Image posted on Baraka

It's ten years since King Mohammed VI took the reigns of the Moroccan monarchy. Two of our Moroccan Observers comment on his time in power so far.

“He is the state”

Larbi is a blogger and IT consultant from Morocco. He currently lives in Paris.

King Mohammed VI is like heads of state all over the world - he's not all bad but we've had some disappointments. Two examples come to mind...

The broken promise of institutional reform was a massive disappointment. Just like it was when he began his reign, the king is still the only decision-maker in Morocco, the only person to referee and define politics and everything else. It doesn't matter who has a majority in parliament or what they believe in. The decisions made and choices settled on are neither explained, debated, or given a second opinion. He is the state. The government's principal mission is to carry out the Monarch's instructions. Besides, the king's personal entourage, made up of old classmates, are constantly nibbling at things which concern the public sphere, despite having no official political control.

The second disappointment concerns a question of custom. When he came into power, we had many hopes that he would relax a few traditions. But we soon become disillusioned. TV carries on with this bygone idea of reading out every telegram, in its entirety, received by the king. The officials don't miss a chance to remind us, in the most exaggerated and slimy way, of our allegiance to the king. The kissing of his hand, something from another age and completely undignified and out of place, continues to this day, and continues to tarnish our image as a country."

“This clearout has not been entirely thorough”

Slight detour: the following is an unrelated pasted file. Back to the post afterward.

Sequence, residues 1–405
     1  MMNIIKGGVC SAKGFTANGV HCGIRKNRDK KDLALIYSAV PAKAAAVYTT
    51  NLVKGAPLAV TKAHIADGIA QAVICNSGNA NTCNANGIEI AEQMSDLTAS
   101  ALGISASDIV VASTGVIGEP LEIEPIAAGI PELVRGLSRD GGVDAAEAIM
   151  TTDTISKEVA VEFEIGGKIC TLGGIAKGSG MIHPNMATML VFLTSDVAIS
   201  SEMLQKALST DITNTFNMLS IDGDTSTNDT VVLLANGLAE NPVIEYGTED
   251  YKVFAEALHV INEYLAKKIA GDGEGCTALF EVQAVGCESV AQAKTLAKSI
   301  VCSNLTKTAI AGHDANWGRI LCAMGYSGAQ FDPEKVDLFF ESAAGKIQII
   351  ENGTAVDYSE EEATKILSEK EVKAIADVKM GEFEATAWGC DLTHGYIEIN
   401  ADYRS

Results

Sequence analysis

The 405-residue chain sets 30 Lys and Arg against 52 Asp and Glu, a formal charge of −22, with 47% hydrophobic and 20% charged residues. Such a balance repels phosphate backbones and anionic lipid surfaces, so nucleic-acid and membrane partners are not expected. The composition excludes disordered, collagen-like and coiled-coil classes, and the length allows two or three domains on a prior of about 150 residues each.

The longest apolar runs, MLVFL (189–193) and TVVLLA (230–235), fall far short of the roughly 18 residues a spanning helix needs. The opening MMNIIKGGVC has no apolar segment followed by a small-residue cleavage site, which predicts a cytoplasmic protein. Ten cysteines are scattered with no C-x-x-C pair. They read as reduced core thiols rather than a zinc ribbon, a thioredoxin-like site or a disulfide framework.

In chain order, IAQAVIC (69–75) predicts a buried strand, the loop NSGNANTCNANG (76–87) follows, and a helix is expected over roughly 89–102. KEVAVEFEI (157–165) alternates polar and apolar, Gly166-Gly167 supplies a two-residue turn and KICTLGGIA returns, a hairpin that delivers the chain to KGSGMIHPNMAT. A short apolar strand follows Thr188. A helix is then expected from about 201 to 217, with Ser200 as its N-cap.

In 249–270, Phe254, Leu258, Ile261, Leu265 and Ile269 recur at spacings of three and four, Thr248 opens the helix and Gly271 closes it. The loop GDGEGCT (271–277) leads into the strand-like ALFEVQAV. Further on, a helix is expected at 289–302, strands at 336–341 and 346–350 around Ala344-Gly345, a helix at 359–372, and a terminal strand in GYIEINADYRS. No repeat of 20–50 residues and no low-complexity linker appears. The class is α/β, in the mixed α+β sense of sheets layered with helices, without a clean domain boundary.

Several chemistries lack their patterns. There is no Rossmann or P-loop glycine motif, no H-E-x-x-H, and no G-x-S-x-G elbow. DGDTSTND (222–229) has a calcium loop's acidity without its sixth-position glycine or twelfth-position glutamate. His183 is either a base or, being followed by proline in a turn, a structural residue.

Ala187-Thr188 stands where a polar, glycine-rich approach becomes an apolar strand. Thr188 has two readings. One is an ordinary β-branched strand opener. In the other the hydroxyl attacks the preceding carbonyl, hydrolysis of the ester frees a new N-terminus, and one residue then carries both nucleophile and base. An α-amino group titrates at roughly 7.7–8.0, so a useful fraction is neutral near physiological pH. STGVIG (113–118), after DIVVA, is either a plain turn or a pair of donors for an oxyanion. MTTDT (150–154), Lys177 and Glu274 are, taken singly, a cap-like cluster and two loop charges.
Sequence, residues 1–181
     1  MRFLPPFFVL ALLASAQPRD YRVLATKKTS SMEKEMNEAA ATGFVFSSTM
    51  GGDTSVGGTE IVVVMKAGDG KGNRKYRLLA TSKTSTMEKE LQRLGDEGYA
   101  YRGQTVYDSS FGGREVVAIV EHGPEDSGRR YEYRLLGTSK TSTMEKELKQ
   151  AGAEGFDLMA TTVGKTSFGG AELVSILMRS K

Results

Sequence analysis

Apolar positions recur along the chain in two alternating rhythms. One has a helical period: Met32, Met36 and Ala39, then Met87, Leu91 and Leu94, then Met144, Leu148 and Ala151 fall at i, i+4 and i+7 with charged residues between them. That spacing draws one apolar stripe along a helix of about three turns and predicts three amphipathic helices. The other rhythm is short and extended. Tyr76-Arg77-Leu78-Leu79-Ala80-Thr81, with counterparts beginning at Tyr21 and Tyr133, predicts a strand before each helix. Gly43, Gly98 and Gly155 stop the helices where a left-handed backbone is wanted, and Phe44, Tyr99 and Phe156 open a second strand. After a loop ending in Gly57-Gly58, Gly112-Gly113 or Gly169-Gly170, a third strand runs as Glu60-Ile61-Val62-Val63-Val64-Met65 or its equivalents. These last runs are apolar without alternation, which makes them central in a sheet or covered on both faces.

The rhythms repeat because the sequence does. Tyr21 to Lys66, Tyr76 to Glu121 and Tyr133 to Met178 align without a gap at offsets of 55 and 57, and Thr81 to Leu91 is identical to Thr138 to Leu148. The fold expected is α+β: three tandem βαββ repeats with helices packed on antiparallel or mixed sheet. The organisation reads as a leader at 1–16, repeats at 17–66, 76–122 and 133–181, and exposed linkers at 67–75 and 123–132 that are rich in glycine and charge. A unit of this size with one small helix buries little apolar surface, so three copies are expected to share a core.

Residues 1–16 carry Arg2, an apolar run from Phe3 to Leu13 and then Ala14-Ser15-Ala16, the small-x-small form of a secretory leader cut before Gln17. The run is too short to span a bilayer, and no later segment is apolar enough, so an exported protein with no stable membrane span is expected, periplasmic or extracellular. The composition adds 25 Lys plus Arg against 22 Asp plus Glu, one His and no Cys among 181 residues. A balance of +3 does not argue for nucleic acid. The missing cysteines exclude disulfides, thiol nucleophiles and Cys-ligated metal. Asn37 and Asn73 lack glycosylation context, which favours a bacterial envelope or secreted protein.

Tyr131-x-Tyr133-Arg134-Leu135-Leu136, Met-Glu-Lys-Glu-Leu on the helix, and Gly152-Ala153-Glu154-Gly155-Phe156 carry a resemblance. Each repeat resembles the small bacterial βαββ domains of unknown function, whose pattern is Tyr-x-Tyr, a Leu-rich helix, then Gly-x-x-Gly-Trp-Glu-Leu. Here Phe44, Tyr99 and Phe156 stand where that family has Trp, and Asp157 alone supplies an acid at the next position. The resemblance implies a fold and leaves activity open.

Mounir Bensalah is an engineer in Casablanca. He posted this comment on his blog, "Des maux à dire".

Mohammed VI's reign has placed Morocco on the map in terms of economics and reform. Any honest observer would note the change in terms of infrastructure, behaviour, the attitude of the administration, leeway on certain freedoms. However, this clearout has not been entirely thorough (not covering corruption within the elite, non-respect to freedom of expression, medieval practices and rituals of the makhzen [royalty].

It's also important to recognise all of the problems that the king had to take on: Western Sahara, Islamic extremism, revolutionaries re-converted to royal customs, economic and military lobbies, strained international relations.

The king has made real progress in many areas - the moudawana [a new family law adopted in 2004 which notably makes repudiation and polygamy more difficult], major constructions such as the TGV [fast train] lines and new motorways, the IER [a truth commission set up in 2004 to tackle human rights offences between 1956 and 1999]. All these things however, are not good enough for those who consider Morocco a true, modern, democracy."